A product's efficiency is only part of the equation. Intelligent control can make much larger efficiency gains by switching off or turning down the load, says Steve Brambley of Gambica.
In motor-driven systems, a small decrease in speed can yield a large reduction in energy consumption.
Used for power pumps, fans, compressors, conveyors, hoists and many other loads, electric motors consume 66% of industrial energy.
In 2011, the Ecodesign directive introduced a mandatory minimum requirement, increasing the minimum efficiency standard for certain electric motors from IE1 to IE2, with further increases to IE3 coming in 2015. This is a necessary step to ensure that only energy-efficient products are placed on the market.
By choosing a a premium-efficiency IE3 motor over an IE2 motor, you will benefit from approximately one to three per cent reduction in energy consumed.
That saving is achieved while the motor is on, but what if you could turn it off for 20% of the time. That’s a 20% energy saving by just automating an off switch, a much bigger gain than the new motor alone.
What if you could reduce the speed of the motor by 20%? For fans and pumps, that a huge 50% saving in energy.
Now we start to see why system efficiency can give you big gains. Many motor systems suffer from inefficiency due to ‘specification creep’ and lack of automated control.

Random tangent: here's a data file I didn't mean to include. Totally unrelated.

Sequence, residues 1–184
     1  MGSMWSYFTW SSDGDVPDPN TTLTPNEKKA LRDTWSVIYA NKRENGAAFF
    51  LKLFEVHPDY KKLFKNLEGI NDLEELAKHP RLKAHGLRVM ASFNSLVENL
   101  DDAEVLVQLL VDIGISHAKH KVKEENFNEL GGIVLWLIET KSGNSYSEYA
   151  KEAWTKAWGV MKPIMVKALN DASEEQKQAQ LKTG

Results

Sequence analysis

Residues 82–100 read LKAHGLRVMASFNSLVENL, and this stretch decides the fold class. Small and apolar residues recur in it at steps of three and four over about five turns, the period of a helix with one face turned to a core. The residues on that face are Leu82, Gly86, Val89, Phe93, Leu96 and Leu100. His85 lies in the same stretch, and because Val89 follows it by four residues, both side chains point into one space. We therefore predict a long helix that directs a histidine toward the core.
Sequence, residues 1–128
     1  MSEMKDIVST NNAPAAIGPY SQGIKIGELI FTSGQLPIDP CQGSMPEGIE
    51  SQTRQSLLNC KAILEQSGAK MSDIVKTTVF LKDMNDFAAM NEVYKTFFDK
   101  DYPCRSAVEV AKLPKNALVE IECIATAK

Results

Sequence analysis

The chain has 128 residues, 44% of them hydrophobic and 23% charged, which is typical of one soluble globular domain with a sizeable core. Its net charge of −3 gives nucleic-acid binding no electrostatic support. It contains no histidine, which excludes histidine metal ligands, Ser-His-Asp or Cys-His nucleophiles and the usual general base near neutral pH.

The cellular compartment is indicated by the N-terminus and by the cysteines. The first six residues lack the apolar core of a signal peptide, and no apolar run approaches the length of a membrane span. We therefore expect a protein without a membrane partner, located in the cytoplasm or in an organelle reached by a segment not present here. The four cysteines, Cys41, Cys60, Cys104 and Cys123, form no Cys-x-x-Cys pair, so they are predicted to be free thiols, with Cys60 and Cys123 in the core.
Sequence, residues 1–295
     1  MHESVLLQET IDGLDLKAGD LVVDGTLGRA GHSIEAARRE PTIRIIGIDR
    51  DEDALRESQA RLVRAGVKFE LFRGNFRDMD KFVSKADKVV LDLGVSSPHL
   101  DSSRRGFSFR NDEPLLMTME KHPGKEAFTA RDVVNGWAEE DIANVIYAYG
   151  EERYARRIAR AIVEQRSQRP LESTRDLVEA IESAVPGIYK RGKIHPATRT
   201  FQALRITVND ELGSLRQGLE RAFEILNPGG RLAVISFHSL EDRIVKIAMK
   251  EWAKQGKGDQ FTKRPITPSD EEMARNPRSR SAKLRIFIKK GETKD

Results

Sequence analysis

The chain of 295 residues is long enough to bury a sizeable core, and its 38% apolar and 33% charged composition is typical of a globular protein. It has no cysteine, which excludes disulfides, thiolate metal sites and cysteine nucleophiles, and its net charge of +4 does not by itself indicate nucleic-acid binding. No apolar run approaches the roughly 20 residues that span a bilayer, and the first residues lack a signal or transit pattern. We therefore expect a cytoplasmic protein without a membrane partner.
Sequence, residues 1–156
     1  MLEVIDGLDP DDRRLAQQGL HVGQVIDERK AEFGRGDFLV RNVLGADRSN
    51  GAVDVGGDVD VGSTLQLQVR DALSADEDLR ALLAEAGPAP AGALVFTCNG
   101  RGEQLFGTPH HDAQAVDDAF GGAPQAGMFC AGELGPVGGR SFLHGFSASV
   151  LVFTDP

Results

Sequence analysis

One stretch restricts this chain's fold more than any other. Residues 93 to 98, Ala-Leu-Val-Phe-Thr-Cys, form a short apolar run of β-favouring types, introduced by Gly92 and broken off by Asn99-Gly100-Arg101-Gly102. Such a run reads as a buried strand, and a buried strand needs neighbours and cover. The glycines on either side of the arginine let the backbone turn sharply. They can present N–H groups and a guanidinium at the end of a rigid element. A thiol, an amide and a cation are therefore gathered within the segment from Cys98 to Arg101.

Engineers are generally risk-averse and build in lots of flexibility into their designs. The final motor specification for an application usually starts by coping with the highest imaginable load, adds some safety margin just in case and then selects the next motor size up.
The end result is a system that often operates at a fraction of the design specification and consumes far more energy than it needs to.
Using control and automation, motor systems can be continuously monitored and automatically controlled to meet the real output requirements. Switching off when not needed and turned down to optimum speed, the system efficiency can often be improved by double-digit percentages.
Combined with high-efficiency products, this approach can save such a significant amount of energy that the payback on any investment required is often measured in months rather than years.